Photo by Acquille Dunkley
Photo by Acquille Dunkley

Pre-bikini season, I decided to join a gym. This gym promised that regular attendance of their 900 calorie-burning classes would guarantee that by the end of one year I would be in the best shape of my life, and all I needed to do is commit the time and a hefty monthly fee to achieve Olympian status. I committed myself to gym culture: waking up early to catch a crack-of-dawn class, investing in fitness items that served no purpose outside of the gym and I even began downing protein shakes, all the while tracking everything I ate and all my exercises in a fitness app. All of these are good habits, but in an attempt to achieve this unattainable body ideal, I found my commitment to this gym taking up more time and money than it should have. Now that we are nearing sweater season, I am nowhere near an Olympian physique and instead have come to realize some gyms behave very similarly to cults.

According to howstuffworks.com, cult leaders use thought reform, deception, isolation and induced dependency to get members to remain compliant while performing increasingly extreme and potentially harmful behaviors. While it may seem like a good thing for a gym to pressure members to be more committed to a consistent workout routine, this pressure is often detrimental to a person.

Gyms start with love-bombing, a practice of showering potential members with affection and positivity to make them drop their guard and build trust that will eventually be exploited. Some gyms offer a free week or two or a heavily discounted month where they get you in the door and tell you how awesome you are for wanting to get ripped. Once that trial period is over, gym recruiters move to phrase two of indoctrination — thought reform and deception. This is the moment when you find out how much of a financial commitment it is to be a member of this “awesome gym” that’s going to get you “super fit” in one month. Regardless of your fitness level or interest, they will present each membership package like it is vital to your fitness goals. Remember all those compliments you’ve been receiving in the past week or so? If you want them to continue, purchase a gym membership that might cost more than your monthly grocery budget.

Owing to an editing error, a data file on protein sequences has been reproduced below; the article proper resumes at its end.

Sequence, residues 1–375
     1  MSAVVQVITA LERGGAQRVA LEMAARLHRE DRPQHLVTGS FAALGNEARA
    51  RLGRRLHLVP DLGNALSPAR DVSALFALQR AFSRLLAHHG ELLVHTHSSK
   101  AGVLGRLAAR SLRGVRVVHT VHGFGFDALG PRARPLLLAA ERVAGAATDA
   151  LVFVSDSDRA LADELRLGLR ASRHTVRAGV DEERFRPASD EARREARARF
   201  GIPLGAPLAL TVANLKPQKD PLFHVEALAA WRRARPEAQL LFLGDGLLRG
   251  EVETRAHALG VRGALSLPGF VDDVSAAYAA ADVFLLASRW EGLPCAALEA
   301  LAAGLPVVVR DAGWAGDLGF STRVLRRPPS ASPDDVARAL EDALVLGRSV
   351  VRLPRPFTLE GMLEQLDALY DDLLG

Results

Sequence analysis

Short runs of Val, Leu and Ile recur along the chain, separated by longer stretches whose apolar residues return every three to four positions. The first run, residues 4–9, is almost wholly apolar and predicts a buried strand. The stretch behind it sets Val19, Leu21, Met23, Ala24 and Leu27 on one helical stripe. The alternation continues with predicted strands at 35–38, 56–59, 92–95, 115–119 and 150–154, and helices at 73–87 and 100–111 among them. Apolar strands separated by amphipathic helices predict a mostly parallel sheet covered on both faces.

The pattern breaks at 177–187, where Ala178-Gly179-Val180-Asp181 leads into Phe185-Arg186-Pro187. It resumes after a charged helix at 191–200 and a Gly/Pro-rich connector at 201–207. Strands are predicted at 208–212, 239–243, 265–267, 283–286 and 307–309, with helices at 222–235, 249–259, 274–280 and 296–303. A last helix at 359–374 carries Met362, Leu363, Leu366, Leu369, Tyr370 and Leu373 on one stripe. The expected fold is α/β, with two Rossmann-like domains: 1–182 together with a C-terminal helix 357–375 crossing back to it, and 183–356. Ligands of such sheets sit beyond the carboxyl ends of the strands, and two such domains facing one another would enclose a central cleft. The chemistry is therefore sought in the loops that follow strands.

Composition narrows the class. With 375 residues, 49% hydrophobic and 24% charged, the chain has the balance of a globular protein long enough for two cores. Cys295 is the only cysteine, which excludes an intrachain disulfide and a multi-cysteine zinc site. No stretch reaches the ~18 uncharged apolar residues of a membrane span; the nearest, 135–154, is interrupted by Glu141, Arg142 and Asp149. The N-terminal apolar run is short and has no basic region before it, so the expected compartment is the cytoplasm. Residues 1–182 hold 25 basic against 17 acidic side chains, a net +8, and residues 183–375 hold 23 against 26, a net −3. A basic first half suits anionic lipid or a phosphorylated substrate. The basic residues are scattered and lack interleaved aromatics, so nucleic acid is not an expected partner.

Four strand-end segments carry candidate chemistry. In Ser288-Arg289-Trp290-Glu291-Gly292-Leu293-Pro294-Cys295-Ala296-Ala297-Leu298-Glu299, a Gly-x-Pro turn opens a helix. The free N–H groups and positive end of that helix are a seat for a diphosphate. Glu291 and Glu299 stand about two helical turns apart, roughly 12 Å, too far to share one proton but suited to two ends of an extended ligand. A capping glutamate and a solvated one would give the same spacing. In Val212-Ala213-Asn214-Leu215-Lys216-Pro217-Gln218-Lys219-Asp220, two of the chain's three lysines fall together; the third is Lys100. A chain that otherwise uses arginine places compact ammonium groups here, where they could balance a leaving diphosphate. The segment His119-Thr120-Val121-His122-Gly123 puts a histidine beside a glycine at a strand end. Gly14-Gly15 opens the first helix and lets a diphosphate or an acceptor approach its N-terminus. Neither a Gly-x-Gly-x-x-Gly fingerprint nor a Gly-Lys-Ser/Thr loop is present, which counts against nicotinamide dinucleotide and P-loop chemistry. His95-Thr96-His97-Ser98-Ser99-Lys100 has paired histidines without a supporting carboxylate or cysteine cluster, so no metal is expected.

Once they get you in the door, that affection you experience in the trial period ends. This is the final stage of indoctrination that cements members’ loyalty. It uses a basic principle of learning: rewarding a behavior increases the likelihood of that behavior being performed. Once they take away the reward of affection for you showing up, you will increase the time you spend at the gym, seeking that validation you were previously receiving. This makes you susceptible to more exploitation. Were you previously coming three times a week? Now they will suggest four to five for better results.  Did you get the basic membership? They’ll suggest the pricey one that includes classes you have no intention of attending.

This is why after a month or two, gym attendance starts to slack off. There is only so long a person can tolerate doing a task for an award that won’t come. The problem with these tactics is that it interferes with people finding intrinsic value in regularly working out, but with home fitness equipment and workouts becoming more accessible and cheaper, gyms have to do something to get people in the door.

This doesn’t mean all gyms are bad. Group fitness is greatly motivating for weight loss and other fitness goals. But if a gym schmoozes you to get you in the door and completely ignores any of your interest or fitness needs in the process, it might be a cult.